All you need to know about: The Alexander Technique

What's it all about?The Alexander technique is a gentle approach that aims to re-educate the mind and the body through a series of movements so the body uses muscles more efficiently. The relationship between head and spine is key. When the neck muscles work well, the head should balance lightly at the top of the spine.
What the expert says ...
Brita Forsstrom has been an Alexander technique teacher since 1984. She now runs teacher training courses as well as classes in London. 'The Alexander technique is really about telling a client what not to do - that is, helping them to unlearn poor postural habits,' says Forsstrom. 'People don't often appreciate that, if you change the way your head, neck and back move, then all other movements in your body can improve. Thus it can help every area of sport technique, from running style to golf swing or tennis serve.'Try to be constantly aware of the way you're sitting, standing and moving; the tension that is causing the postural problems lies within your own body. It is about developing an awareness of where that tension is and then addressing it.
'There is no one correct position for your body - it's about adjusting your position to suit different situations. For example, when working at your desk, rest against the back of the chair. When you're having a phone conversation, sit up near the front of the seat rather than leaning back, so you're not engaged in forward lean, which can put strain on the spine.
'Every day, take time to lie down on a firm but comfortable surface. Recline for about 20 minutes with your knees bent, pointing up to the ceiling with a few paperback books to support your head. This classic Alexander position offers important rest both for your mind and body, allowing tension to be released and the back to lengthen in a coordinated way with the rest of body.
'While standing, keep the balance even between the front and back of the feet and avoid slumping down on one hip. An open-eyed attitude to your surroundings helps to keep you poised and balanced in any situation.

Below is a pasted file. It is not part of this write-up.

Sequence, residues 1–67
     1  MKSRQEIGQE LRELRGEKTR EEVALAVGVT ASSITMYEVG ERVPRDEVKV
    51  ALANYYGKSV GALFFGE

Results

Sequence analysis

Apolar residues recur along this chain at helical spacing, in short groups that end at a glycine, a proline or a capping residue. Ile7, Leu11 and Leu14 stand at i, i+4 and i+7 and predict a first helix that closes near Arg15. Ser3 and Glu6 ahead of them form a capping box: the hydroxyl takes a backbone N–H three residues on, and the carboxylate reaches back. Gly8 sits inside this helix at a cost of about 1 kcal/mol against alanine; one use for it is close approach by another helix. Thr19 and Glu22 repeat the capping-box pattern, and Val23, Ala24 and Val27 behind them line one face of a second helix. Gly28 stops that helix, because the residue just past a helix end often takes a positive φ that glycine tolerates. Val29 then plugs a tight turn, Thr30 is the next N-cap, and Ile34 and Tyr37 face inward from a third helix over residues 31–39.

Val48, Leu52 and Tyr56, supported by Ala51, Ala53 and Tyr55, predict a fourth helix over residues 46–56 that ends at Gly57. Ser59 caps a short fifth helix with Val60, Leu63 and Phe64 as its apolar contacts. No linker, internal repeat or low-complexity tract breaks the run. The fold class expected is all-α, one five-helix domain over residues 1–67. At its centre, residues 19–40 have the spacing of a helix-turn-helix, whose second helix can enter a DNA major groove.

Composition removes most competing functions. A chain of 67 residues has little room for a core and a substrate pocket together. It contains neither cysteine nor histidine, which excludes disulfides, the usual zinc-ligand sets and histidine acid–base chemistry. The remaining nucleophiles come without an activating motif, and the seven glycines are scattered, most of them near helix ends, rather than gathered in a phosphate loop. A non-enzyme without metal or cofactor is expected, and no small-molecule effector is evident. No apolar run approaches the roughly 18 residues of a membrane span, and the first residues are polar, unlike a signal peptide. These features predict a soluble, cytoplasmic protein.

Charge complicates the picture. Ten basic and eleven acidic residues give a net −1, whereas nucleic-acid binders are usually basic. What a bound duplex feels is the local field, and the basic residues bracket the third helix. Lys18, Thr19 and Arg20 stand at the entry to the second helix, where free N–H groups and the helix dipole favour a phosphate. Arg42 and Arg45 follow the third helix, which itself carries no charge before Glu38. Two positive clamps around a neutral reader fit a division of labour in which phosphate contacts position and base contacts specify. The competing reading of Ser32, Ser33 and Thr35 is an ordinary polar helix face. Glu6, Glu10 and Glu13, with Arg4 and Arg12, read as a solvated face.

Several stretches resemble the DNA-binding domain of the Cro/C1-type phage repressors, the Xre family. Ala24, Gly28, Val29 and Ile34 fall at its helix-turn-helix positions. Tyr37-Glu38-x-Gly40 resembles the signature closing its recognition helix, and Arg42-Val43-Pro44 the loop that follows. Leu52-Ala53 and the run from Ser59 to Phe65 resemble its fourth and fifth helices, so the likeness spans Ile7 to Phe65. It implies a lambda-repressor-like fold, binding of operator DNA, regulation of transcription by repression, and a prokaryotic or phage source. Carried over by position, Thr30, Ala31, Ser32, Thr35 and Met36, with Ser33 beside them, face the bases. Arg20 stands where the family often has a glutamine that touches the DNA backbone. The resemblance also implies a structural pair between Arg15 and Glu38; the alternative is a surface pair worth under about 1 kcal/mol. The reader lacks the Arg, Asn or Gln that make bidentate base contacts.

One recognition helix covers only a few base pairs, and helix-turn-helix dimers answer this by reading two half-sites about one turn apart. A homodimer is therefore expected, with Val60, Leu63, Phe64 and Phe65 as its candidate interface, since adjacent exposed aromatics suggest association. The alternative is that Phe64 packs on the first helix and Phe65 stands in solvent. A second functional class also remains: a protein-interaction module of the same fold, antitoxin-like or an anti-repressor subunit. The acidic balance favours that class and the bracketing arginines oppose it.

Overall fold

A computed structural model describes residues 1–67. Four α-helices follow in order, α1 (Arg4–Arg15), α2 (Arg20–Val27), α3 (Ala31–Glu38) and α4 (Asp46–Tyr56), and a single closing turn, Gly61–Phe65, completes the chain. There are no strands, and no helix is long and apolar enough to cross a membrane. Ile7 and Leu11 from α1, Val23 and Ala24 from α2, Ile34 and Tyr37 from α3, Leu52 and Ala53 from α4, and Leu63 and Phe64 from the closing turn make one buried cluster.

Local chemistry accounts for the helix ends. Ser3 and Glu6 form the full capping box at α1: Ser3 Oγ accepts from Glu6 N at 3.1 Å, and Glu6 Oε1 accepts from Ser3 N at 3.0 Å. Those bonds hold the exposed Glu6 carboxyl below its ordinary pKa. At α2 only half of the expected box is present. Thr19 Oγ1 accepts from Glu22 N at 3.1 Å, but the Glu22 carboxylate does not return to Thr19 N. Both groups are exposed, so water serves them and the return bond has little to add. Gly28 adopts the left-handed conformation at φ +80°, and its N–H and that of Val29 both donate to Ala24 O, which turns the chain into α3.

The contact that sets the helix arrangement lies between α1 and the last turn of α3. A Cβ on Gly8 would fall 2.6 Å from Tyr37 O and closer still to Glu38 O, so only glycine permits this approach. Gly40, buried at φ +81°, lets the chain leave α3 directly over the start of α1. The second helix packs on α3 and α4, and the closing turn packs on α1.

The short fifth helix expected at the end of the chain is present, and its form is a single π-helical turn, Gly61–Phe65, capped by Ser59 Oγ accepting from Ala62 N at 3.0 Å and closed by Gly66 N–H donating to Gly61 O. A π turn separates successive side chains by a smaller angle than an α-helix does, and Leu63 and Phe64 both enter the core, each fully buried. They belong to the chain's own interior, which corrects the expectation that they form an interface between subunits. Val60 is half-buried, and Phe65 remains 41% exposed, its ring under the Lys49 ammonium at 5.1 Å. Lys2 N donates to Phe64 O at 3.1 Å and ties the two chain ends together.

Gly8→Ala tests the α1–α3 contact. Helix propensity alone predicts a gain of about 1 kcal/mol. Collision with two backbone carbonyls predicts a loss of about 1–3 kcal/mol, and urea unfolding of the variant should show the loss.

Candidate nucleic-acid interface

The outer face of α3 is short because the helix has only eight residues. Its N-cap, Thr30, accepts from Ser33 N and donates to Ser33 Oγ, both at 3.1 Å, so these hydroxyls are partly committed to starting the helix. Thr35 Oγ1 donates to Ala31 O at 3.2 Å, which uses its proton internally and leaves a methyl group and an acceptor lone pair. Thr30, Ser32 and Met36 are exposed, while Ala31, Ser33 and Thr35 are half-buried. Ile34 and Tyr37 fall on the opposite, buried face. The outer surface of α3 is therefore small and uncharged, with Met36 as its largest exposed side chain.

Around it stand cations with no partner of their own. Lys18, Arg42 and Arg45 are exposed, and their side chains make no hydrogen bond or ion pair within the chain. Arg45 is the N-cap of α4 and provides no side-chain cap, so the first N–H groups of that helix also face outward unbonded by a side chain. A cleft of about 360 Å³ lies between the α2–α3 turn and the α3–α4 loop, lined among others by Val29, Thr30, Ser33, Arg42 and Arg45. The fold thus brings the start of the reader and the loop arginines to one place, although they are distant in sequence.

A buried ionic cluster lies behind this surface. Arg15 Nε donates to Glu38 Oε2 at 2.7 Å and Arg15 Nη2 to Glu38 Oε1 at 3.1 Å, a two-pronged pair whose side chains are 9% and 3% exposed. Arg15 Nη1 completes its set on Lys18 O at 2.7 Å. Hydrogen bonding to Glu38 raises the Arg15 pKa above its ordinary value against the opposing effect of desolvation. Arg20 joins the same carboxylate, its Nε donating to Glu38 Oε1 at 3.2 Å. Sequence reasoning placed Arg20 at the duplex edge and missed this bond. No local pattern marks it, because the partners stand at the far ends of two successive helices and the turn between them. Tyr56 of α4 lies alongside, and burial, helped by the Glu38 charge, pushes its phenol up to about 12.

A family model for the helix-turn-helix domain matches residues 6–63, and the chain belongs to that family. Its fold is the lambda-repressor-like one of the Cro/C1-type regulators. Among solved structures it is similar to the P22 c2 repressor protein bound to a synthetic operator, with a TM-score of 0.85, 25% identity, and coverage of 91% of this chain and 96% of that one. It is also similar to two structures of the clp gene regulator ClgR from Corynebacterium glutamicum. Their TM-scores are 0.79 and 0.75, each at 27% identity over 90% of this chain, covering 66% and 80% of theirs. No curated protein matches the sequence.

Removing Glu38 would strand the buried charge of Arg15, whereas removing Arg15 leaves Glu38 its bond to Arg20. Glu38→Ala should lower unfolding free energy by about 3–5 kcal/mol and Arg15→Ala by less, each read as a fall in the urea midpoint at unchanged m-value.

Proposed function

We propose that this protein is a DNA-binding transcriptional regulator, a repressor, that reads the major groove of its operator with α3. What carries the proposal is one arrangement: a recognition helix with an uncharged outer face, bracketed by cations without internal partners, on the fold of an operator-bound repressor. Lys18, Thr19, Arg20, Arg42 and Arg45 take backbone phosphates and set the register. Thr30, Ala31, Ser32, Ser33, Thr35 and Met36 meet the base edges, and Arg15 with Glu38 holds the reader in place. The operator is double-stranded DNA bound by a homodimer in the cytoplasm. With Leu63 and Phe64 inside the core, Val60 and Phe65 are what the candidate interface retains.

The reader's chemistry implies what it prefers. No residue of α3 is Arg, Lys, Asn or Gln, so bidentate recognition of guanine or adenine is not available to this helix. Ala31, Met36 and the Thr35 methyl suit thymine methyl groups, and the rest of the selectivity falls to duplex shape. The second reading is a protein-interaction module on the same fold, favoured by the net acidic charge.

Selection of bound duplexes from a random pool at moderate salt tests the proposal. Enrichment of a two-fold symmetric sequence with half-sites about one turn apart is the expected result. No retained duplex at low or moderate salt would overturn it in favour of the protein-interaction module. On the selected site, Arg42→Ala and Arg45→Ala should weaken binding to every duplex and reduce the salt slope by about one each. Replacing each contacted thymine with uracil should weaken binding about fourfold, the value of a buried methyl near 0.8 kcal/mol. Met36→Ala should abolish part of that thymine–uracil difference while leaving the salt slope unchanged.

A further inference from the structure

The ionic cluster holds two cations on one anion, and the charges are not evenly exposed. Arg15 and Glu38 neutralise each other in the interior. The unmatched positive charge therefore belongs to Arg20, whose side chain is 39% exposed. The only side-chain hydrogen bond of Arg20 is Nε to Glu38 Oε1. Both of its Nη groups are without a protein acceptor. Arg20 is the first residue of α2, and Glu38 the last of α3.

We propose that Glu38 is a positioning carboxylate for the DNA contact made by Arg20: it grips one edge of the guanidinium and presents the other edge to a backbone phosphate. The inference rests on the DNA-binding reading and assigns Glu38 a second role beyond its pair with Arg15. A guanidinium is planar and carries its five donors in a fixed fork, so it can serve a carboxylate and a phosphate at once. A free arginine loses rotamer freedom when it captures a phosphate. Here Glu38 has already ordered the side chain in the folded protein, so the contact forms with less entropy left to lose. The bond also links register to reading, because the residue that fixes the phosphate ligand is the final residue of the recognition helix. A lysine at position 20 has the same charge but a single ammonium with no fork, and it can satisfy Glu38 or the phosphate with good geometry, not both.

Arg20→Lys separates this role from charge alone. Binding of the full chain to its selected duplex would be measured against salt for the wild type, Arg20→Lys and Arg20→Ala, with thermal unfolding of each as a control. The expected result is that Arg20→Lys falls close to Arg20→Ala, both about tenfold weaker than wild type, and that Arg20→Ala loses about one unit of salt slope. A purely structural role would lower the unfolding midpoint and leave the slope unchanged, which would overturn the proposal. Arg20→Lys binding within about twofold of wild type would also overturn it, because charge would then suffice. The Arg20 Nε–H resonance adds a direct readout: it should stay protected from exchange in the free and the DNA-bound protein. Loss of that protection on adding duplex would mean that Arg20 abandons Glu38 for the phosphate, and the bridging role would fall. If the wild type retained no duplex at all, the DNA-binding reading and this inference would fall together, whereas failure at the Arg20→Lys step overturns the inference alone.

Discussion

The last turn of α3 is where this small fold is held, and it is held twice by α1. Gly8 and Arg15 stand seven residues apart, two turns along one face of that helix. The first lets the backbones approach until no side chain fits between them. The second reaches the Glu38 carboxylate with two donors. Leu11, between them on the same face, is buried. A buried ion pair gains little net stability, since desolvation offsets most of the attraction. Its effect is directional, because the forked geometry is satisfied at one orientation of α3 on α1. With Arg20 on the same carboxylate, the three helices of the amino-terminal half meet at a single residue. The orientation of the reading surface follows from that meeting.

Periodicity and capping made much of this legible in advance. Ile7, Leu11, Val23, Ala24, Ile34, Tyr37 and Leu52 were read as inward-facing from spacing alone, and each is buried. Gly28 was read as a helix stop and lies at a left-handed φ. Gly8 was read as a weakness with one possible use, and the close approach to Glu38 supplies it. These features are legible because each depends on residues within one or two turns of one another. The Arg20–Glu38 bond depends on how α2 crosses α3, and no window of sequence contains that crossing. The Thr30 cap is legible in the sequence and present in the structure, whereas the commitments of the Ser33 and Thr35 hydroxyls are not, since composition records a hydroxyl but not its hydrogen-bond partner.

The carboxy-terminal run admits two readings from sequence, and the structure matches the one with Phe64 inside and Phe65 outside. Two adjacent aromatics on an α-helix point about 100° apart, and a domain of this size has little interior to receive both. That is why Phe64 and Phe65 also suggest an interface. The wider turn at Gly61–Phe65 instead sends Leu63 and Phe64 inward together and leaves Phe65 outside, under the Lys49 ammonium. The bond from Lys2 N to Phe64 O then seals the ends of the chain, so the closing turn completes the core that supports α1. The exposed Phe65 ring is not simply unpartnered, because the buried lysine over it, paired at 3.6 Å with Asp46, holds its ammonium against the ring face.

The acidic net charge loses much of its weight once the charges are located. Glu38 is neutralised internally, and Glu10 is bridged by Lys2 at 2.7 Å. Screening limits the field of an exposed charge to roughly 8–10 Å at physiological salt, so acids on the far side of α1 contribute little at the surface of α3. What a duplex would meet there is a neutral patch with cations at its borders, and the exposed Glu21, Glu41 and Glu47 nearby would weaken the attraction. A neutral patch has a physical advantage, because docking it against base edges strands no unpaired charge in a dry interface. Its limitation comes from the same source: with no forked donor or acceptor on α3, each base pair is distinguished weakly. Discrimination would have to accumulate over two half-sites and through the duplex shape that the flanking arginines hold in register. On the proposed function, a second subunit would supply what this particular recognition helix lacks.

'The Alexander technique is suitable for everyone,' she says. 'It can help actors and professional athletes, but is just as good for pregnant women, new mothers, individuals with long-suffering back problems and patients with chronic diseases.'

Source - Guardian

Foods that guard against cancer

Is a chocolate treat likely to increase the chance of my colleague developing cancer of the breast, and another recurrence of my own prostatic cancer? Will the butter on the hot-cross buns at Easter be more hazardous than chocolate eggs, and just how much did that steak increase the likelihood of my developing colorectal cancer? Would I have done better to have chosen guinea fowl, because one study indicated that where red meat increased the incidence of some gut cancers, white meat reduced it?
These are some of the questions raised by research published last week by the Vasterbotten Intervention Project in Sweden. It studied the medical history of 64,500 men and women, and compared the incidence of cancer of the pancreas, skin, uterus and urinary tract with blood sugar levels.
Part of the funding for the project was provided by the World Cancer Research Fund (WCRF). The project demonstrated a heightened risk for women but not for men. Unexpectedly, males with higher than average blood sugar levels were less likely to develop prostate cancer, but this difference was not clinically significant. A high-fat diet had previously been thought to be one of the factors that might increase the incidence of prostate cancer.
The heightened risk posed by increased blood sugar levels was, however, significant for those women whose levels were in the top quarter of the league table. They had an appreciably greater chance of developing one of the four cancers than did those in the bottom quarter of the table. Why the blood sugar caused an increase in these four cancers is unexplained, though. Was it an effect of raised insulin levels and insulin resistance, or was it associated with obesity?